On the face of it, these arguments hold water. Solana is one of the fastest blockchains in operation as of this writing, with an average of 3,500 transactions per second (TPS) over the last month, according to Solscan.
Theoretically, Solana can handle 50000–65000 TPS, aligning with payment giants from the Web2 world. In comparison, Ethereum, the much bigger smart contracts network, averaged between 10-13 TPS over the year.
Moreover, Solana offers exceptionally low transaction fees as well, when compared to Ethereum.
The average transaction fee paid by Solana’s users in the last epoch was 0.00003304 SOL, or $0.002, as per SOL’s market value at press time. On the other hand, Ethereum charged 48 gwei, equal to $2.19, on average to validate a transaction.
It was clear that Solana never lost out on its fundamental strengths — cost-effectiveness and speed — crucial traits for any blockchain worth its salt.
Such network advantages go a long way in attracting decentralized applications (dApps) in different realms like finance, gaming, and non-fungible tokens (NFT).
This is precisely why many of the ecosystem’s developers stuck with the network and contributed to its growth.
The year that went by
Amidst the relative calmness of the bear market, Solana focused on building high-profile partnerships with Web2 giants.
Arguably the most significant among them was the partnership with payments giant Visa. The partnership involved the extension of its stablecoin settlement capabilities to the Solana chain.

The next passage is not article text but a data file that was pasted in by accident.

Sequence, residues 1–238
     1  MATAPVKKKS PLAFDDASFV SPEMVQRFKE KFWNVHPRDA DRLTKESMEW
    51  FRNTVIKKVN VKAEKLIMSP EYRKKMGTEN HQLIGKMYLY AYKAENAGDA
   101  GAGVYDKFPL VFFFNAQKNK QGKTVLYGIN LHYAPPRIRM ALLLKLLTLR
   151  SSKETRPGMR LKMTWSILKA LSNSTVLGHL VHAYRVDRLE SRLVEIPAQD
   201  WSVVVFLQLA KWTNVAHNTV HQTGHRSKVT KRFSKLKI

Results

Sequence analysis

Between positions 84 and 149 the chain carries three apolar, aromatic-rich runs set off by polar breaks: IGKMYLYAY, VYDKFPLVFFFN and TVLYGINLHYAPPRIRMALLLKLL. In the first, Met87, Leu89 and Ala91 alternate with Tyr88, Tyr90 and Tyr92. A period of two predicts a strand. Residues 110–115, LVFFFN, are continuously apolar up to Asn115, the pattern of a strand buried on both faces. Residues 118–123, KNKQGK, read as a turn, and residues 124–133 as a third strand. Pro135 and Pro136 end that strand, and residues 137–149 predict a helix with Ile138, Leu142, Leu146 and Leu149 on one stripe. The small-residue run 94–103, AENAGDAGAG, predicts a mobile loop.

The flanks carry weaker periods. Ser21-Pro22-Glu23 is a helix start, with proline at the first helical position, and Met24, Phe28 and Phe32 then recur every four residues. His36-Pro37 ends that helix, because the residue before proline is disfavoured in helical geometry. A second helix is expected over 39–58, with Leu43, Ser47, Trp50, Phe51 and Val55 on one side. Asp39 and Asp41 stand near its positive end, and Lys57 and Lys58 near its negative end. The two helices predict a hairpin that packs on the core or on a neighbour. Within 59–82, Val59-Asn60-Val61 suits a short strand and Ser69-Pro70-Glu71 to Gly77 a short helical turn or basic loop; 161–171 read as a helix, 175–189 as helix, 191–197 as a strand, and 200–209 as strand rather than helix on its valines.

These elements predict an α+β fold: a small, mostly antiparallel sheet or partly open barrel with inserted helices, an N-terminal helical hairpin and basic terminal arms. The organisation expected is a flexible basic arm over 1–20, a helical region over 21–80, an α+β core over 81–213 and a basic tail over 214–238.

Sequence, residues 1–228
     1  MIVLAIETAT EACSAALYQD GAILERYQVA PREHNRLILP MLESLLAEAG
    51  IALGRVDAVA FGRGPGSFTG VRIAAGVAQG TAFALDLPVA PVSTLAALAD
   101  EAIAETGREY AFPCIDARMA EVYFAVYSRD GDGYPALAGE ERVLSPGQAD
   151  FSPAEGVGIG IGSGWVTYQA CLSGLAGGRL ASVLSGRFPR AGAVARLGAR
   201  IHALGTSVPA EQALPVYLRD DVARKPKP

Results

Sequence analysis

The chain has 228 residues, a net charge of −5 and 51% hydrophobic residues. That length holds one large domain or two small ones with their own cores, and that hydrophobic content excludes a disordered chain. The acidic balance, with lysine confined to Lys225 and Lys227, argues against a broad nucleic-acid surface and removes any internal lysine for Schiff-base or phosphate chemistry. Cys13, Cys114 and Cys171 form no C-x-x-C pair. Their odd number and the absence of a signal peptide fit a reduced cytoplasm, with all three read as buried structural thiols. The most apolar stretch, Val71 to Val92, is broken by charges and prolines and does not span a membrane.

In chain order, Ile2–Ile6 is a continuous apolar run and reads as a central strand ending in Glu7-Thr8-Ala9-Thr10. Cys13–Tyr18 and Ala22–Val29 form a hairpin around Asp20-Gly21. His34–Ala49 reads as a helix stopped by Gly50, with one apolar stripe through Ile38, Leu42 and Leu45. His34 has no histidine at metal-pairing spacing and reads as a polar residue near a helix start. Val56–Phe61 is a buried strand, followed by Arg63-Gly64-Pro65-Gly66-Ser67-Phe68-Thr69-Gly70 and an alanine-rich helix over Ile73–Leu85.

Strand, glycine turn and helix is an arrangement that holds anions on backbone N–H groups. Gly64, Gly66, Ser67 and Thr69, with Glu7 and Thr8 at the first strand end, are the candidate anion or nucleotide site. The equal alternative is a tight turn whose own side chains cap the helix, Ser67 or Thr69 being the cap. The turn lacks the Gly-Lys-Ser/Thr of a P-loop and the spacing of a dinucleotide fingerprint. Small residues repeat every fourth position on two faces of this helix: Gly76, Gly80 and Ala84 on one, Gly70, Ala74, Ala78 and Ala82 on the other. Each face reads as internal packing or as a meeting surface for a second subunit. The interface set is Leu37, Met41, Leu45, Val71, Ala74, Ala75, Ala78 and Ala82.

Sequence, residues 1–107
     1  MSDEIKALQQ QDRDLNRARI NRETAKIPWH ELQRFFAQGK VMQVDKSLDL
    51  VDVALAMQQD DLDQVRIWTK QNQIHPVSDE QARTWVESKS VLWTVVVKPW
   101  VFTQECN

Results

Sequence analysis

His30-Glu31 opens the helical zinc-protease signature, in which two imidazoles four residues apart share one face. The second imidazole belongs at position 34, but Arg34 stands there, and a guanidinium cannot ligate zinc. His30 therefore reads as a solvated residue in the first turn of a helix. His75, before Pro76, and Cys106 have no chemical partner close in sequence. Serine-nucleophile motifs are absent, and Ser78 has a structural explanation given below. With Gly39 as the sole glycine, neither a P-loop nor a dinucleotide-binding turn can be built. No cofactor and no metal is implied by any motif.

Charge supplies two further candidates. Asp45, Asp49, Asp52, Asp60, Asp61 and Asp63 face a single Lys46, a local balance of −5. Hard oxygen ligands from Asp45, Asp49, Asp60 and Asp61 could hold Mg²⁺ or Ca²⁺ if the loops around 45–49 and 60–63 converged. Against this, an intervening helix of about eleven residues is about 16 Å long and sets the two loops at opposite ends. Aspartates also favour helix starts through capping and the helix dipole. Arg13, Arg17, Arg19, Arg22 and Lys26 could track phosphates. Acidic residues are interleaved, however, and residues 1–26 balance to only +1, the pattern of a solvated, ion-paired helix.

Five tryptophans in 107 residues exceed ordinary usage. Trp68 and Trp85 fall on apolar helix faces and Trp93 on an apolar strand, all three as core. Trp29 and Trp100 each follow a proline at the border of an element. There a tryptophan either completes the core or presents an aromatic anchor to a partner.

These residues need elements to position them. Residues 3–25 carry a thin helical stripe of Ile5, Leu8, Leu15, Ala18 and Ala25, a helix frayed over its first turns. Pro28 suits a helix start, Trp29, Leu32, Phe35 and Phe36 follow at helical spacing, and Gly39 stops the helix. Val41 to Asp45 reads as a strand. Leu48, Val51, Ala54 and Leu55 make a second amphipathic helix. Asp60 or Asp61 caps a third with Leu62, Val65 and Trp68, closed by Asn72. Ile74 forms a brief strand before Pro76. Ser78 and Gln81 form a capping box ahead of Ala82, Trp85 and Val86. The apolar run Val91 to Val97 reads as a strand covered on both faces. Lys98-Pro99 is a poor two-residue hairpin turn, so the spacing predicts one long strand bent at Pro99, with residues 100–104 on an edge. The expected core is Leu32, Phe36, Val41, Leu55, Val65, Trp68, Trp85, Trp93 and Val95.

The development was frantically cheered by the Solana community because a major TradFi player considered the network for payments for the first time.
While Visa was already using Ethereum [ETH] for its pilot project, the decision to add support for Solana was motivated by the high transaction throughput and low costs.
Visa acknowledged Solana’s strategic advantages while announcing the partnership.
Apart from this, Solana announced the integration of Solana Pay, its native payments solution, with popular e-commerce company Shopify.
The integration allowed merchants and entrepreneurs to bypass high transaction fees generally associated with Web2-based third-party payment processors.
Solana’s technical prowess was recognized by peers from the Web3 community as well. MakerDAO, a leading stablecoin issuing protocol, considered using Solana instead of Ethereum for its upcoming stand-alone blockchain.
Praising Solana’s technical capabilities, Maker’s co-founder Rune Christensen stated that the PoS network would remain the best fit to address Maker’s specific needs.
He also attributed the strong developer ecosystem as a major reason behind choosing Solana.
Just the ‘Fire’ Solana needed
It’s no secret that Solana has a history of downtime issues and network halts. In fact, co-founder Anatoly Yakovenko went to the extent of terming network outages as “Solana’s curse” in one of his older interviews.
Solana suffered its first major network outage of 2023 in February, lasting nearly 20 hours. However, since then, the network has maintained a 100% uptime.
However, even these one-off glitches could be a thing of the past once Solana’s upcoming validator client, Firedancer, is set in motion. An alternative to the existing natively-developed client, Firedancer is being developed by a third party.
Solana executive Austin Federa remarked,
“At the Foundation we’re looking forward to the launch of FireDancer, an entirely new validator client for the Solana network. Having a second validator client implementation will even further increase the resiliency and reliability of the network.”